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Renovo's Pursuit road bike, starting at $4,395.

Image: Renovo

Walking into Renovo’s SE Portland bike shop, the first thing you notice is the smell. No stinky rubber and metal here—instead the showroom smells of maple, walnut, and ash. Handmade from various hardwoods, getting your hands on these artisanal bikes is about to get a whole lot easier.

Once available only by custom order, this year Renovo released its first premade, ready-to-ride wooden frames, meaning soon more bikes will roll out of the woodshop and onto streets all over the world. And it all started one summer in a Portland garage.

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Renovo's Portland showroom.

Image: Mary Stutzman

In 2007, Ken Wheeler, an engineer who made composite airplanes, was studying different materials when he and his son decided to build a wooden bike. They pressed strips of sandwiched plywood into a frame and tested it to see if it would ride. A year later, the idea took off as a full-fledged business.

“A lot of people think that this is a woodworking project, but it’s an engineering project,” says Wheeler, “I’m no woodworker—I couldn’t make a desk or a bed—I’ve never made anything out of wood except for bikes.”

Since 2008, Renovo has built more than 600 bikes, with annual orders backlogged by the hundreds, and Wheeler says custom became too cumbersome. “We got a record 138 emails from a customer specifying his bike—somebody has to answer all of those.” he says with eyes rolling.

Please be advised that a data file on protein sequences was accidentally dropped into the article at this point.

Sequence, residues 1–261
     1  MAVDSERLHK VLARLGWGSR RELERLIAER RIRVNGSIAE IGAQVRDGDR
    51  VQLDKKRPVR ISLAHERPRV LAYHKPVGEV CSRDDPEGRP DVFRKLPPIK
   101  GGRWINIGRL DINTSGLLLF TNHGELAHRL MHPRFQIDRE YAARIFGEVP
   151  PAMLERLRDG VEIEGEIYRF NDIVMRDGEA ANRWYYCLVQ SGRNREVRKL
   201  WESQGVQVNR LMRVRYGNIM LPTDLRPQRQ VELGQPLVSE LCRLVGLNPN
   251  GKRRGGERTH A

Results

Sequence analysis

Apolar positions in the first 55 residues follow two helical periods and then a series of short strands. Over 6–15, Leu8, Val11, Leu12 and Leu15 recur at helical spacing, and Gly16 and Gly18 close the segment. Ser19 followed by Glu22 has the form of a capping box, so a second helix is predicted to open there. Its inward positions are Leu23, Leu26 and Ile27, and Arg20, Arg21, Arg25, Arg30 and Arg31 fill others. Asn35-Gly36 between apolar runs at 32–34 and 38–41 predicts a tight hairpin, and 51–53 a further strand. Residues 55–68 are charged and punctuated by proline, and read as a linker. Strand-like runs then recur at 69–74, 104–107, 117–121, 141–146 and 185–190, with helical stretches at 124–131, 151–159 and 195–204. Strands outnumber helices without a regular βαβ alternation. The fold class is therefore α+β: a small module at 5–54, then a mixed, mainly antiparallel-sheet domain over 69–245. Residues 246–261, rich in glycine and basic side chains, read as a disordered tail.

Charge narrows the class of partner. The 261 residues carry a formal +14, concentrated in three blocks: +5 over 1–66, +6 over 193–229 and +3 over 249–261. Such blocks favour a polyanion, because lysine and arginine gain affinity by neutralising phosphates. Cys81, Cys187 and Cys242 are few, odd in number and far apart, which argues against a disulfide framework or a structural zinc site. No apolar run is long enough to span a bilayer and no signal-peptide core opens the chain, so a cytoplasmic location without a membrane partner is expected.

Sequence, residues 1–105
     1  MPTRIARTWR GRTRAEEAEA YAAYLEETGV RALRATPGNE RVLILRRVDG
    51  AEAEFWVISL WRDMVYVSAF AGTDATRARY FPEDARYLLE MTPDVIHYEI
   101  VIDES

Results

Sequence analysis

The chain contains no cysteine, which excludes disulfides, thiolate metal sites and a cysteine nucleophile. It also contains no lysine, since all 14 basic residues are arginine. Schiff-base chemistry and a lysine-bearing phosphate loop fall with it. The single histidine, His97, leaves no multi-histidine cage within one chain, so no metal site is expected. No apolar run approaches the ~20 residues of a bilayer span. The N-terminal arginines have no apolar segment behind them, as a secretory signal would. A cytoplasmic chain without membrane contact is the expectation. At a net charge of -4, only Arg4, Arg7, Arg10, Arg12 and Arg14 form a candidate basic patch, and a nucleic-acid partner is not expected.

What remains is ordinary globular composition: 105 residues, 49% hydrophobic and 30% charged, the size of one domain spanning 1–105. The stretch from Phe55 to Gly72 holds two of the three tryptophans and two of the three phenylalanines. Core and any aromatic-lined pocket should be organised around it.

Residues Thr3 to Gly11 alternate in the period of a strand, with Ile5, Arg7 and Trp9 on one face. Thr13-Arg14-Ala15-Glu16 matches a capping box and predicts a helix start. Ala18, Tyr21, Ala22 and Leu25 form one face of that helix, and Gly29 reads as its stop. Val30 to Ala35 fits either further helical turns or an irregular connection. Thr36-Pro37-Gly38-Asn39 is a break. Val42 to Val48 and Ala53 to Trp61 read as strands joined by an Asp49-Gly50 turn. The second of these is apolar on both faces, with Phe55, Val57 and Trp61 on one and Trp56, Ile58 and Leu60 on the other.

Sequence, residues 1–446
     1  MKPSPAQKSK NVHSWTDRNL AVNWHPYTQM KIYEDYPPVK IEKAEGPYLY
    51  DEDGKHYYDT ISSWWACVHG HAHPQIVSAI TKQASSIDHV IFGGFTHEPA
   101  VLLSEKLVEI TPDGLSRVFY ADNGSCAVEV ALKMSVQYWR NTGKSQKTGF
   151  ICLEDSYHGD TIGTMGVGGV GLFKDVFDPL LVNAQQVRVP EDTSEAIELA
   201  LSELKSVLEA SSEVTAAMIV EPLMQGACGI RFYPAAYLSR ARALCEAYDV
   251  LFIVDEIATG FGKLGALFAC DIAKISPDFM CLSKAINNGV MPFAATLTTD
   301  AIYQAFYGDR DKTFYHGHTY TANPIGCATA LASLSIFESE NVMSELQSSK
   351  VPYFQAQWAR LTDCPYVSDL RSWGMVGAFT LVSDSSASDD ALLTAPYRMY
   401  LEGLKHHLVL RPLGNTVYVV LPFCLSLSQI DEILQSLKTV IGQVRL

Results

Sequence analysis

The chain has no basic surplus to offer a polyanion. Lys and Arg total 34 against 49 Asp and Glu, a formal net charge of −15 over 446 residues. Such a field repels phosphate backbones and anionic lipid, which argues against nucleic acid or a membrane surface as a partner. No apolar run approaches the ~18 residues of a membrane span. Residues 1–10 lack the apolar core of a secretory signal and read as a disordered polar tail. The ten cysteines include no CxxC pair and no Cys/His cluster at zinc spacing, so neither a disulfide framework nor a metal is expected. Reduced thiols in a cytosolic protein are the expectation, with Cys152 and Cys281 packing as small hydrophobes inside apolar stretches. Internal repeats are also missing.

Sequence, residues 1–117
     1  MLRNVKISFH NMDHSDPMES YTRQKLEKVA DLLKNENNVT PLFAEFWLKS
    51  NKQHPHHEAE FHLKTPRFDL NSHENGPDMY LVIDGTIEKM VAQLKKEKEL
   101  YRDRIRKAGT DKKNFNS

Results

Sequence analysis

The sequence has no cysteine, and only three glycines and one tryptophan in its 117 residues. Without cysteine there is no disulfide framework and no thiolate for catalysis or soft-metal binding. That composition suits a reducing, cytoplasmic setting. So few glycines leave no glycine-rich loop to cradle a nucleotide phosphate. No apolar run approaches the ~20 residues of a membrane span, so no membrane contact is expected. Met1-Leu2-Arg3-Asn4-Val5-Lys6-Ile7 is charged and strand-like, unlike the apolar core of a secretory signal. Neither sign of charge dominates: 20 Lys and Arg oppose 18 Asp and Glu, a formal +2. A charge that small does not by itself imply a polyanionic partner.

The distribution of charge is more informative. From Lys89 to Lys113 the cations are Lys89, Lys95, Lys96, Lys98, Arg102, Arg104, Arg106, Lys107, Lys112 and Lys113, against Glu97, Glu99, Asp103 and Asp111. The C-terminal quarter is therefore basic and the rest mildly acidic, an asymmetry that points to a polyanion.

After selecting the most popular woods and styles, Renovo introduced its 2015 line of nine ready-to-ride bicycles that Wheeler predicts will cut production time from a year down to weeks. Customers choose their components to complement frames with names like the “Elwood” for city riding and the “Bad Ash 29er” bikepacking model.

Hollow and a pound or so heavier than carbon, Wheeler advocates wood as a natural shock absorber that makes for a smoother ride—and Renovo designs for the rugged, the roadies, and all types of riders. They’re breathtakingly beautiful bikes, but Wheeler says that for business, fine craftsmanship can be both a blessing and a curse.

“The beauty is a little bit of a problem because it’s the bike quality and ride that’s beautiful—the looks are just a bonus,” Wheeler says, “They’re all rigorously tested and sealed with the same stuff as airplanes. You can have that bike in Death Valley in your van in 130 degree heat and go out and ride your bike—they’re meant to be ridden.”

Right now, Renovo’s ready-to-rides must be ordered directly, but Wheeler says deals with distributors in Japan and the US are in the works. So next time you’re in Southeast, or see Renovo in a bike shop window, be sure to stop in and smell the rosewood. 

Renovo
2005 SE 8th Ave

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